But we must never forget that America is a land of laws, and in order to remain true to our heritage, we must adhere to our laws, not ignore them when some find them inconvenient. That’s the American Way.


What is the Big Hurry?

In late August of this year  the Obama Administration expressed the urgent, immediate need to launch a missile strike by US naval forces “within the next two to three days” against Syria.  The problem that was so time critical was to punish the Syrian leader, Bashar al-Assad, for his egregious use of chemical weapons in an attack upon the rebel forces vying against his government.

In an article on August 28, this author asked the question, “What is the Big Hurry?”, counseling patience and the hope for unity with our allies in spite of the urgency to move ahead on our own cited by Mr. Obama and his advisers.

Now, nearly two months later, no strike has been launched. Great Britain decided there was no big hurry.  France said they’d prefer to wait for the UN analysis. As the international consensus that Mr. Obama and his team had thought existed for his “immediate strike” evaporated, his “Big Hurry” did so too.  Perhaps Mr. Obama read our work and was inspired to a more rational and reasoned approach than his rampant calls for warlike action.

That’s what he should do now with regards to the immigration issue. Slow down, take the time to explore all options and all possible outcomes, not rush into it because he wants to get it done by December 31.  As previously mentioned, this is a problem that has existed in our nation for decades, and while we should most definitely address it, there is no “Big Hurry.”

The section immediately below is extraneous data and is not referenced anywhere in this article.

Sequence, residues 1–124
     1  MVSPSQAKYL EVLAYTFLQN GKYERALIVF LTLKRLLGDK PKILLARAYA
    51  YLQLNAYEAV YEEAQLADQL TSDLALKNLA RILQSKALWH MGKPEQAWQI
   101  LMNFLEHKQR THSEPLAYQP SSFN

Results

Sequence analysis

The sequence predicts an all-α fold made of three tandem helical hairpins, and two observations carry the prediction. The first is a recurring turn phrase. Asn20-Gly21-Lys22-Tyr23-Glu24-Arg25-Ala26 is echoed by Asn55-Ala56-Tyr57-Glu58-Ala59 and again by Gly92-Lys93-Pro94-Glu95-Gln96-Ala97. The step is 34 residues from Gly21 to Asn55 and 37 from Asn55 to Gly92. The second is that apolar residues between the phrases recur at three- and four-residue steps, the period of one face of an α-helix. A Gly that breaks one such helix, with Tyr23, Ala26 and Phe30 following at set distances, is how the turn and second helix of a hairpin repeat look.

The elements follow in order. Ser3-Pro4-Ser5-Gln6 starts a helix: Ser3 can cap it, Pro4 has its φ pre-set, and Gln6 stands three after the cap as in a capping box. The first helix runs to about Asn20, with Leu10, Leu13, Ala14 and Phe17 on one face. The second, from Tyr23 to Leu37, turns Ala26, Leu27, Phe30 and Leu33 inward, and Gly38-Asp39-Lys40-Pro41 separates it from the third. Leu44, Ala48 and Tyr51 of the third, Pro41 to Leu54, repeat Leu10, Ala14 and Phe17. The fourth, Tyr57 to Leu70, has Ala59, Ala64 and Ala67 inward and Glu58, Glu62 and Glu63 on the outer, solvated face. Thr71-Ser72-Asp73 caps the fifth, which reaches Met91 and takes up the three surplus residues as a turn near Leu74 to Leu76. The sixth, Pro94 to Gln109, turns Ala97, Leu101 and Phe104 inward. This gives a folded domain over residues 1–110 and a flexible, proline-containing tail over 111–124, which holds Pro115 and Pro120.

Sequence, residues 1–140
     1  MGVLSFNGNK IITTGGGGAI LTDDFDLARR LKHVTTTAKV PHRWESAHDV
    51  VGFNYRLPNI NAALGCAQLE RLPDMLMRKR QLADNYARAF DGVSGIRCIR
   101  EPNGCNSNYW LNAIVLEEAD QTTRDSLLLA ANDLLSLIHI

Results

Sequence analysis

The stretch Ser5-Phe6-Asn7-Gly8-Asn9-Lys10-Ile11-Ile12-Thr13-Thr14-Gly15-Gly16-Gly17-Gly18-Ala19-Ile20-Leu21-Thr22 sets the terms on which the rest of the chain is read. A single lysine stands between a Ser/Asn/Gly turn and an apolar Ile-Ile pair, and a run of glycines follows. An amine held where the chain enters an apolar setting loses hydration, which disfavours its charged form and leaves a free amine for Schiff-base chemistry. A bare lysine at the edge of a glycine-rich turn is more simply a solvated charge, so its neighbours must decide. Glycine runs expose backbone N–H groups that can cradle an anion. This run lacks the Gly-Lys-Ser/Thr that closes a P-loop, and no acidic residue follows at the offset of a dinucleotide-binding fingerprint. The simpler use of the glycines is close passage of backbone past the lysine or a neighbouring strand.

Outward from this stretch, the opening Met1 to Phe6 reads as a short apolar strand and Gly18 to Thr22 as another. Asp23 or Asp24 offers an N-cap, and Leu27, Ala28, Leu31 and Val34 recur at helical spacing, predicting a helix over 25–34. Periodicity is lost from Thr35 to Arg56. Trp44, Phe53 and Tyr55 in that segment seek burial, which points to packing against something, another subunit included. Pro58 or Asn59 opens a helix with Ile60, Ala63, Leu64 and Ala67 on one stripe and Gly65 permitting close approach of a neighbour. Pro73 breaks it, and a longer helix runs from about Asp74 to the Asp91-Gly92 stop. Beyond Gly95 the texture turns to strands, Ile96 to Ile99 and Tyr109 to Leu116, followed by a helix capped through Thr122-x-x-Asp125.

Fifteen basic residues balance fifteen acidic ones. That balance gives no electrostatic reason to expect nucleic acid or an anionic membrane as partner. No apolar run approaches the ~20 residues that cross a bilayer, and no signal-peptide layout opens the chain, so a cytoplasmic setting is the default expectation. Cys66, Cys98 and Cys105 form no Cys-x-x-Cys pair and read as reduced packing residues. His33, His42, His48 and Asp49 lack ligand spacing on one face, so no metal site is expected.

Three and a half years ago, then-Speaker of the House Nancy Pelosi, referring the fledgling Affordable Care Act, told Americans “we must pass it in order to see what’s in it.”  That was another time when Mr. Obama’s administration proclaimed that we were in a “Big Hurry.”  Sadly, the ACA was passed, and we are day-by-day finding out that it contained much that Americans found to be…less than what they had promised.

“If you have a plan that you like, you can keep it.  Period.  No matter what.”  Barack Obama, July 16, 2009.

“My plan will save Americans $2,500 a year on health care.”  Barack Obama, July 20, 2009.

As pointed out last week in this space, neither of those promises has proven to be true.

Was the hurry to pass the bill really because that was the best way to find out what was in it?  That seems an unlikely methodology to really understand anything; adopt it, then figure out what it means.

I would suggest that the real reason for the “Big Hurry” to pass Obamacare was either or both of the following: (1) that there were provisions the administration didn’t want us to know about, or (2) because the 2010 mid-term elections were rapidly approaching and Mr. Obama was afraid that he was about to lose his majority in the House. If it were this latter point that scared him, he was right to be afraid. The Republicans did wrest control of the House from the Dems, and Obamacare would almost surely never have made it out of the newly reconstituted Congress in 2011.

Maybe this time we should look inside the Immigration Bill that he’s in such a hurry to pass and find out what it really says before we let it come to a vote.

With any luck, leaders like Rand Paul, Mike Lee, Ted Cruz, and others who stand for reason, logic, and the values defined in the US Constitution, values expressed by men like Thomas Jefferson 250 years ago, will fight for that well thought out approach.

All Americans are Immigrants